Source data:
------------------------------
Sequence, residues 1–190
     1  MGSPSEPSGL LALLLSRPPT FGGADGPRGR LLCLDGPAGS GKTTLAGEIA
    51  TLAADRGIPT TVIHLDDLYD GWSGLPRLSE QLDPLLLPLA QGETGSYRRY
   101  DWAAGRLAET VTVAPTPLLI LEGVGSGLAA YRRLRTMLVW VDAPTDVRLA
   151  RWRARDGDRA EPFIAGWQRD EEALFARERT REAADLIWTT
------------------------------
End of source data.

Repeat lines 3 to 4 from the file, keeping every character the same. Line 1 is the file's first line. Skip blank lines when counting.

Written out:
    51  TLAADRGIPT TVIHLDDLYD GWSGLPRLSE QLDPLLLPLA QGETGSYRRY
   101  DWAAGRLAET VTVAPTPLLI LEGVGSGLAA YRRLRTMLVW VDAPTDVRLA